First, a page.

Casa Vallejo would’ve been the perfect place to stay in by location alone. I guess if we rewind back time to about 100++ years ago, this WAS the awesome spot. But given progress, population and pollution, the charm slowly divested between expectation and reality. The hotel itself isn’t bad, it’s just how its location evolved against it. Hotel rooms were in plain view of the street. Passersby can literally see you go about your business if you accidentally leave the windows open. Privacy is something sorely lacking. In line with that, there ain’t much security to speak of either.
This was the only form of “security” you have on the window. Most of the rooms in the lower ground floor facing the street only had a ditch and a hedge of plants as camouflage. If someone was desperate and daring enough, they could just jump down and cut through the screen to get into the rooms. The other annoying part was also noise pollution; (the physical pollution is a given with its proximity to the street). Session Road is one of the busiest streets in Baguio, so you’d have cars, trucks, jeeps and pedestrians wrecking your sleep until wee hours in the night, only for it to repeat itself the following morning.
Now from the aesthetics, Casa Vallejo and Hill Station Restaurant is an approximate preservation of how Baguio looked like back in the day.
We spent the following day going around town and went back to OMG (Oh My Gulay), which was the only available place we found tables in for lunch. Food was ok, decent for a cafe, but don’t expect huge servings. Price isn’t bad either. You’d be there for the rather eclectic interiors and the view of the city. We took our time there, eventually creeping into afternoon coffee and tea.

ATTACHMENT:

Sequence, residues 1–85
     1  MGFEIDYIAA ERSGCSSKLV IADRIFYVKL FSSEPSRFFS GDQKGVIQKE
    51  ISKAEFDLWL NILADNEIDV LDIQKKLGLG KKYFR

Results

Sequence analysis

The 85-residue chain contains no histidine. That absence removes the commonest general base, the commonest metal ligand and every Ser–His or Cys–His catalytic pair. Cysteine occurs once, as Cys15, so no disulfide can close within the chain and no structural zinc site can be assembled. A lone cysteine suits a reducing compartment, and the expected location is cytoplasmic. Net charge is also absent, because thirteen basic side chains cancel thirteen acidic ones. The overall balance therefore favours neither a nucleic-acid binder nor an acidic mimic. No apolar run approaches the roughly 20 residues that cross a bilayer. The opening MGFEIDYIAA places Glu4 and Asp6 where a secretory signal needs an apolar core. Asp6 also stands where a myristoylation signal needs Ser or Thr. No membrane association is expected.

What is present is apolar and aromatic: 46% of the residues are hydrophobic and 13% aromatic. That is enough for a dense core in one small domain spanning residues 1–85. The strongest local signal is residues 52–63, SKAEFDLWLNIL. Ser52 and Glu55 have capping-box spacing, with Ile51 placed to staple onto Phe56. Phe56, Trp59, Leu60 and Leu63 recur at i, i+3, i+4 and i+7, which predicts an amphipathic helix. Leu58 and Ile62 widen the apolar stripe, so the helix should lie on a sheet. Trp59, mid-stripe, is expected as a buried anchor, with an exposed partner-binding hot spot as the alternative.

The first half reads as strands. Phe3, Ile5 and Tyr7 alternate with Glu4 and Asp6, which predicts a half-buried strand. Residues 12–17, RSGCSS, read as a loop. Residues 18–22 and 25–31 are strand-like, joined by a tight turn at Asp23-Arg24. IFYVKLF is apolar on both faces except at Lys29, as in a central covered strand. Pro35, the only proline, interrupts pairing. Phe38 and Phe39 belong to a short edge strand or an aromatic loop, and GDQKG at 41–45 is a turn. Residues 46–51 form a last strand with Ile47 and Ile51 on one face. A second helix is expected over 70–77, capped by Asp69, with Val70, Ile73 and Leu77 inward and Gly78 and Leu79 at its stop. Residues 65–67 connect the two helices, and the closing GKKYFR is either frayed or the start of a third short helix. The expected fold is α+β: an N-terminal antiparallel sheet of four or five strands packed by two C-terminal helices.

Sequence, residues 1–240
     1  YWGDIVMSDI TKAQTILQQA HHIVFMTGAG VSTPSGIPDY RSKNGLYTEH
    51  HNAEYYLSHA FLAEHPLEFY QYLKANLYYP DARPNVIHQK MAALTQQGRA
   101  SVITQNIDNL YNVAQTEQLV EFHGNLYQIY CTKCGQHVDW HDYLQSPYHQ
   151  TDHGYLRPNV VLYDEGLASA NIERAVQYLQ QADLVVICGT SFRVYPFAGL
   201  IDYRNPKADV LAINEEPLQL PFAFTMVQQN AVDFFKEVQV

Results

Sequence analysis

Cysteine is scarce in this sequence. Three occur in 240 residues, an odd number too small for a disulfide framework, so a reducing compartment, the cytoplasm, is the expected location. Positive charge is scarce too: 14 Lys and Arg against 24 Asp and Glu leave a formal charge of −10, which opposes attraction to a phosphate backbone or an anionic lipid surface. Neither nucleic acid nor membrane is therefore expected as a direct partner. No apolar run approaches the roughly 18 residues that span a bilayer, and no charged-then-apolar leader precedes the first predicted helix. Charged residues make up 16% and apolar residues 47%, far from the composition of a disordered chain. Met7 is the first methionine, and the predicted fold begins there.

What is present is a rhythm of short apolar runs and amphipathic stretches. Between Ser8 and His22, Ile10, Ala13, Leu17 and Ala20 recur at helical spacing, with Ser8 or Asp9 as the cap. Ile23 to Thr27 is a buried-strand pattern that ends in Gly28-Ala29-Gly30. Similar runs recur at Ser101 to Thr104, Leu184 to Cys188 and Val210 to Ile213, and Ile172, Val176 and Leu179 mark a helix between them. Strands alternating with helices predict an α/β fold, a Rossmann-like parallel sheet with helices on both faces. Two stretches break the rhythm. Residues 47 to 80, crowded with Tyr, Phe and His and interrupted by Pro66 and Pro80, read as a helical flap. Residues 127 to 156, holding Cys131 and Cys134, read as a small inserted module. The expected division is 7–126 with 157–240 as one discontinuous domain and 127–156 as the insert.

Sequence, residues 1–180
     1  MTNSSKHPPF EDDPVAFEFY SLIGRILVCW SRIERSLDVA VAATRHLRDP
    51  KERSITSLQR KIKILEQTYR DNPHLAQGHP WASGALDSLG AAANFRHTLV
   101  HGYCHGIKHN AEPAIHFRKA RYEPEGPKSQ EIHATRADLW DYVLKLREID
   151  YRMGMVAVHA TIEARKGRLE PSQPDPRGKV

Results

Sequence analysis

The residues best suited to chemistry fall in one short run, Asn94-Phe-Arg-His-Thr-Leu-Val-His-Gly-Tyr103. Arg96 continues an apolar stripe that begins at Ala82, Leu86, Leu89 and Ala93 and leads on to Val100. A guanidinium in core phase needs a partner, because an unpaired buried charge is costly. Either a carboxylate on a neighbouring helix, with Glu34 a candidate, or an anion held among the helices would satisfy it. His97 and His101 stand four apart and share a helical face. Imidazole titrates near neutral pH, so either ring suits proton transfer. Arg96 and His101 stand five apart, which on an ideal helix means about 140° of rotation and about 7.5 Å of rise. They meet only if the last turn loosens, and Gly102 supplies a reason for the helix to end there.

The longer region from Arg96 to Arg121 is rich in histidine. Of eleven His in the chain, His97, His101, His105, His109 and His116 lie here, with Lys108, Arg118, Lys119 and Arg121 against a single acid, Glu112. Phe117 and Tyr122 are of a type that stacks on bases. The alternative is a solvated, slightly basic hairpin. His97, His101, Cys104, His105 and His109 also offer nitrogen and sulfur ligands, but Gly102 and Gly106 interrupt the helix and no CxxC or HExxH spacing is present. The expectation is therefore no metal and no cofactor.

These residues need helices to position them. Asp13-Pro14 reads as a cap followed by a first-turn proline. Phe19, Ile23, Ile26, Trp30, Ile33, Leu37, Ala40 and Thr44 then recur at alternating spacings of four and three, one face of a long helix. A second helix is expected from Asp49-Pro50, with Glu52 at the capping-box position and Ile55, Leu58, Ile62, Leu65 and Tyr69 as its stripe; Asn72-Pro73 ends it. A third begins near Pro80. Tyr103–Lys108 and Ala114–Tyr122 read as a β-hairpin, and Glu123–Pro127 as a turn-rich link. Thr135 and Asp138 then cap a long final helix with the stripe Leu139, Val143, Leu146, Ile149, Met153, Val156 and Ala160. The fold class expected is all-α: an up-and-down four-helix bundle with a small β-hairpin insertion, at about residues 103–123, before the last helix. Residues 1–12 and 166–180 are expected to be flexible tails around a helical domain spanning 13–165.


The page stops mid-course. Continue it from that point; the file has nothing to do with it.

We also found out that weekend that the hotel (Casa Vallejo) and the restaurant (Hill Station) are of different management. On the morning we were supposed to leave, the restaurant arranged for a wedding reception, but somehow didn’t inform the hotel. Guests got irritated since breakfast was expected. The hotel did their best to accommodate by having them served in the rooms, but the rooms themselves weren’t designed to have a meal in.
We caught sight of the restaurant owner and one of the front desk staff having a discussion (which is somewhat a one-way argument if you ask me) on how to handle the irate guests. I was just a bit turned off with the restaurant manager / owner, as he sounded a bit condescending. We didn’t let that bother our experience though and ventured out into nearby cafes. We found one in an adjacent hotel, and made it in good time for a yoga session afterwards.
I don’t mind coming up to Baguio again, since generally the experience was quite positive. What I do suggest next time around is to stay somewhat away from the city center and just enjoy the down town area in sporadic morsels.
For the rest of our trip, you can check out the gallery below.youtube channel for your regular glimpse behind the scenes! While you’re at it, drop buy the online store and get goodies from your favorite models!
Travel Bug: Hanoi and Halong Bay (Vietnam)
Getting Out of the Airport
Our flight arrived at the airport a bit past midnight. We managed get out of the arrival gate by 1AM, and nothing was open, except for a few foreign exchange places. We quickly changed our money into Vietnamese Dong. Now due to hyperinflation in the country some years ago, the denomination asides from taking out the decimal places, had extra zeros. Which was quite confusing if you’re encountering this kind of money for the first time personally. Expect having bills as high as 500,000. But despite the seemingly millionaire-ish feeling, don’t take it at face value as most commodities would be priced relative to those. But don’t worry, everything in Vietnam is cheap, if not cheaper than the Philippines. You can get away with as much as P 10,000.00 equivalent of pocket money living like a king for a week more or less.
At this time of night (or morning), don’t expect the usual metered taxis to be coming out from arrival hall. Instead they have been replaced with shady looking dudes offering you “taxis” into the city. Out of our desperation to get to the hotel, we bit what they had to offer. The driver and his barker ended up riding in front for the entire trip. Several red flags were already raising themselves the during the ride
- No taxi meter
- Never mentions how much the ride is, despite asking them
- Suddenly asks us to fork out money to pay of the toll high way they decided to pass through